Living with a Blind Dog

Pet Health

HIF Australia



Video Transcription

Dogs can go blind for many reasons. From progressive Progressive Retinal Atropine, known as RPA to cataract, glaucoma and accidents and more. Many are treatable if the dog is taken to a veterinary ophthalmologist as soon as any regularities in their eyes are noticed. Whatever the circumstances, living with a blind dog isn't as daunting as it sounds, as they can actually adapt quite quickly without much sense of loss. We’re probably the ones that feel it more. Especially because a dog's sense of smell is their most dominant sense, with hearing a close second.

Here’s some of my top tips for helping your dog adjust.

Firstly dog proof your home. Get down on all fours and crawl around your house and backyard looking for hazards. Don’t worry if you look a bit silly as it’s better for your dog. Put corner protectors on sharp furniture and baby gates at the top of the stairs until your dog can safely get around them. Also, fence off the pool or any other hazardous areas.

You can tap into their sense of smell by placing a few drops of different essential oils, or even scented pot plants in rooms, and important areas such as their water bowl, sleeping areas, near the doggy door, or even the back door. Use different textured rugs, mats and strips to map out the house, and help them to navigate the stairs. Then you need to walk your dog along common routes on a close lead very regularly until they start to find their own way around. Don’t change your furniture or your floor plan around though once you have done it, as you will confuse them. Always keep their food and water bowls in the same spot.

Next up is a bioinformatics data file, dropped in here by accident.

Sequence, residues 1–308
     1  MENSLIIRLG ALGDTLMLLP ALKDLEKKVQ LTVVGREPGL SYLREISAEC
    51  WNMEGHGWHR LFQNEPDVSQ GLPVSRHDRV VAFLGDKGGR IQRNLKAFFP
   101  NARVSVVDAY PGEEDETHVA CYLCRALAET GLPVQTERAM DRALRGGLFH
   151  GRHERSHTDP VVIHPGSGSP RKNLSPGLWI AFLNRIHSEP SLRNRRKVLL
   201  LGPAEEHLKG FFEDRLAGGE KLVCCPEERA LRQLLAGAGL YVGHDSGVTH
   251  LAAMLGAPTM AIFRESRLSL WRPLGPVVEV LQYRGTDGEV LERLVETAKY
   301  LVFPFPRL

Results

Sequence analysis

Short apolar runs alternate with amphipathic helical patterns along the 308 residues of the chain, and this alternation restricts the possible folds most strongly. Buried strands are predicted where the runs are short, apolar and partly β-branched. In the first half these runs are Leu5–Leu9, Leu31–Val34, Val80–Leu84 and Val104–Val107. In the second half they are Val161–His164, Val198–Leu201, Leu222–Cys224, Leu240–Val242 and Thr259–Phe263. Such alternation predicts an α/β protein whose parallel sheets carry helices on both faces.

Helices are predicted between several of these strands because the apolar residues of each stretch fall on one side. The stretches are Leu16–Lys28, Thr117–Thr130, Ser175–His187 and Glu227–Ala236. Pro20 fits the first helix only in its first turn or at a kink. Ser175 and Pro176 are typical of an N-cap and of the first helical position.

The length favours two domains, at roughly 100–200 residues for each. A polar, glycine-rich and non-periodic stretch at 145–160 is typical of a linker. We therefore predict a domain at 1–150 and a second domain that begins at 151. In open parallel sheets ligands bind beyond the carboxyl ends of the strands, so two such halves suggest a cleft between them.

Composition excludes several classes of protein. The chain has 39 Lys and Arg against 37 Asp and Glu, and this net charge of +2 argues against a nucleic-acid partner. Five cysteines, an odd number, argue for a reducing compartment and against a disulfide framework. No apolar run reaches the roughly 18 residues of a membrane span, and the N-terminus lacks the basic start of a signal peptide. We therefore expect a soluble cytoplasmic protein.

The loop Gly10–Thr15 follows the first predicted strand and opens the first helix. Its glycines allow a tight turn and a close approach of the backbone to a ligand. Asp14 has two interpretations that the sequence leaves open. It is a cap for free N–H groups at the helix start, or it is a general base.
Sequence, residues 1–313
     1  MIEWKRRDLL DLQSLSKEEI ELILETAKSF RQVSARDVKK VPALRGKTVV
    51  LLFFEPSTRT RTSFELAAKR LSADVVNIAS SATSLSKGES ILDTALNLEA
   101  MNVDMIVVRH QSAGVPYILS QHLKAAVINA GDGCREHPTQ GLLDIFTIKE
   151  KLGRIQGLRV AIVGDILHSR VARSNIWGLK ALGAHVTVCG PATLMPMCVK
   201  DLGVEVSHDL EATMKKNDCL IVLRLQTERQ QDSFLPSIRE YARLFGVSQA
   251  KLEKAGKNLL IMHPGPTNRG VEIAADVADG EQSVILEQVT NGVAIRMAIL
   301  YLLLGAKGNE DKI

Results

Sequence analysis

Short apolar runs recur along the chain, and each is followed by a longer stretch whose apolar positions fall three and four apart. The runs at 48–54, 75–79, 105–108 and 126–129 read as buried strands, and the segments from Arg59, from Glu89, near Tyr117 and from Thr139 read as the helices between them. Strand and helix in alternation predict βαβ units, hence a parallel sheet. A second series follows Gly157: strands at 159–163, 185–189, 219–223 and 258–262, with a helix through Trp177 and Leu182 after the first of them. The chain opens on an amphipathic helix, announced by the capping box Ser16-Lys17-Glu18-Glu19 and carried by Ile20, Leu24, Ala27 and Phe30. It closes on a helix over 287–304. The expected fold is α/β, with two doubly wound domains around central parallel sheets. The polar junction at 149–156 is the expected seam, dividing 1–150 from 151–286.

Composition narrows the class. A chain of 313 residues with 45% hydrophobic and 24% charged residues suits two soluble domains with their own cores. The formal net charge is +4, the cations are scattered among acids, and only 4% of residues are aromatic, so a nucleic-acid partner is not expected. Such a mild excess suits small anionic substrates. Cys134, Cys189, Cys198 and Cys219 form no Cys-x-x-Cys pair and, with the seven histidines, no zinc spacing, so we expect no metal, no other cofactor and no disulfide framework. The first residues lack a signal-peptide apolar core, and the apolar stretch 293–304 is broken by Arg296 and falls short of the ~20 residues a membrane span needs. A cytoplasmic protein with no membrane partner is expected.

You can always use sound to direct them, placing a wind chime, or bell near the back door is a great way to help orientate them. Teach them important safety words when doing your on lead practice such as step up, and step down. For stairs; left, right, watchout or stop so your dog can learn to move with your commands.

In the early days you can wear small bells around your own wrist, or even attach them to other pets. Another dog in the house can become a great guide for your blind dog, and always make sure you have their attention before you touch them.

When heading out, keep them same walking routes and parks, and let others know that your dog is blind with a vest or a bandana so they know to approach slowly. Also make sure your dog is wearing a tag that says “I’m blind” with your number on it, just in case it ever gets lost.

Like all dogs, blind dogs still need plenty of mental stimulation and play. So toys with noise and scent are great, as are the treat release toys.

When leaving your dog unattended a limited space probably works best at first. Keeping a tv or radio on can also help to orientate your dog to the different rooms, and also reduces the feeling of loneliness.

Finally make sure your dog has a comfortable and safe spot they can retreat to when they need.

Should you follow all of these steps your dog should be fully adjusted within about three months, and hopefully so should you.

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Category:Pet Health

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